Speaker Corey Johnson, Women’s Committee Chair Helen Rosenthal, and Council Members Announce the Stop Sexual Harassment in NYC Act

Legislation will strengthen New York City’s Anti-Sexual Harassment Training and Expand Sexual Harassment Protections to All Employees

City Hall, NY – Taking action to further protect employees against sexual harassment, Council Speaker Corey Johnson, Women’s Committee Chair Helen Rosenthal, and Council Members today unveiled the “Stop Sexual Harassment in NYC Act,” a comprehensive package of legislation to strengthen New York City’s anti-sexual harassment policies and combat sexual harassment in the workplace.

The series of 11 pre-considered bills will be introduced at the joint Committee on Women and Committee on Civil & Human Rights hearing on February 28th and will expand anti-sexual harassment protections to include all public and private employers in New York.

“All New Yorkers are entitled to a safe, respectful workplace – and this starts with sending a strong message to employers that there is no place for sexual harassment in New York City,” said Speaker Corey Johnson. “With more and more sexual harassment cases being brought to light, it has never been more important for the government to play a role in the movement to end sexual harassment and assault. This City will not be complicit in the abuse or degradation of people in the workplace. I want to thank my Council colleagues for their support in pushing this package of bills forward so that no employee feels unsafe at work.”

“This legislative package is a tremendous first step toward ending sexual harassment in New York City, and I’m proud that we are taking it. The #MeToo movement challenges us to translate its power and courage into thoughtful and impactful policy to guarantee the right of every person to a safe and respectful workplace. The introduction of this legislation is the start of that work–for the more than 330,000 employees of the City of New York and for every working New Yorker. These bills will expand protections, confront flawed processes, and establish new mechanisms for accountability. The bill I’m sponsoring, for example, will require the City to survey all City employees about their workplace environment and use the results to create and implement action plans specific to each agency,” said Women’s Committee Chair Helen Rosenthal. “As Chair of the Committee on Women, I want to thank Speaker Johnson for his extraordinary leadership and partnership. Through legislation, through oversight, and most importantly, through our sustained commitment, this Council will make a difference for workers all across New York City.”

 

Descriptions of each bill are as follows:

  • Mandating City agencies conduct anti-sexual harassment training for all of their employees (Speaker Johnson)
    • The first step in a holistic approach to address and respond to workplace sexual harassment is ensuring an effective training program is in place.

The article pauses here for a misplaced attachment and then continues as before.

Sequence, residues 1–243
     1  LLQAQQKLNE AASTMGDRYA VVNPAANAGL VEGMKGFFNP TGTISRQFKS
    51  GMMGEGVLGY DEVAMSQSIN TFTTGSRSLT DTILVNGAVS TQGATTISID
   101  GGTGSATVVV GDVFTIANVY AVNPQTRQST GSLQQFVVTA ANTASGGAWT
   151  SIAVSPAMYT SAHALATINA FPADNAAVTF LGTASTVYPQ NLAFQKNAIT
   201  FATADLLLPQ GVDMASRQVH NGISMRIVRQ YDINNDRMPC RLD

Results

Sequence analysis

• Training will help employees understand what sexual harassment is and what procedures are in place to respond to claims of sexual harassment, and show that the issue is taken seriously by the City.
    • Interactive training at least once a year for all City workers will help to foster an environment within City government that is intolerant of sexual harassment.

 

  • Requiring City agencies to conduct anonymous climate surveys and develop and implement action plans to prevent sexual harassment (Council Member Rosenthal)
    • A valuable way for the City to communicate a sense of urgency that sexual harassment is unacceptable is to conduct a climate survey of employees to determine whether employees feel that such harassment exists in the workplace. The United States military has adopted these types of surveys on a widespread scale in recent years, and all colleges and universities in New York are now required to conduct climate surveys of their students to help with efforts to reduce and prevent campus sexual assaults. Furthermore, many private companies use climate surveys to determine employee engagement, retention and satisfaction.
    • Climate surveys of City workers will also provide a voice for many City employees who may currently feel that they do not have an avenue to share their concerns as they relate to workplace sexual harassment.
    • Once the surveys are completed and reported on, agencies will be required to work with the Department of Citywide Administrative Services to develop action plans to address survey findings and ensure a workplace environment that does not condone sexual harassment.

 

  • Requiring City agencies to conduct risk assessments to prevent sexual harassment (Council Member Adams)
    • This bill will require City agencies to do an assessment of potential risk factors at their agency that may increase the likelihood of sexual harassment. This analysis will provide agencies with a roadmap for taking proactive measures to reduce sexual harassment within their respective workplaces. These risk factors have been identified by the United States Equal Employment Opportunity Commission Select Task Force on the Study of Harassment in the Workplace, and focus on such factors as diversity and workplace environment.
    • By identifying predictors regarding whether harassment may happen, and by reviewing current agency policies and procedures, each agency will be able to develop and implement an action plan that will mitigate the risk of workplace sexual harassment.

 

  • Mandating City agencies report on sexual harassment complaints (Council Members Levine, Williams, Torres and Cabrera)
    • Understanding the scope of sexual harassment complaints within individual City agencies is an important step in understanding how prevalent the issue is for the City’s workforce. Requiring transparency will show City employees that addressing and responding to workplace sexual harassment is critically important.

 

  • Requiring City contractors to disclose policies and procedures in places to prevent sexual harassment (Council Member Van Bramer)
    • City contractors are already required to disclose policies and procedures on a myriad of issues. This bill will ensure that disclosure encompasses anti-sexual harassment measures.

 

  • Enhancing sexual harassment education and facilitating the complaint process through a robust website (Council Member Ampry-Samuel)
    • We live in a digital age and the City must ensure that the resources it makes available to its residents are properly digitized and easily accessible.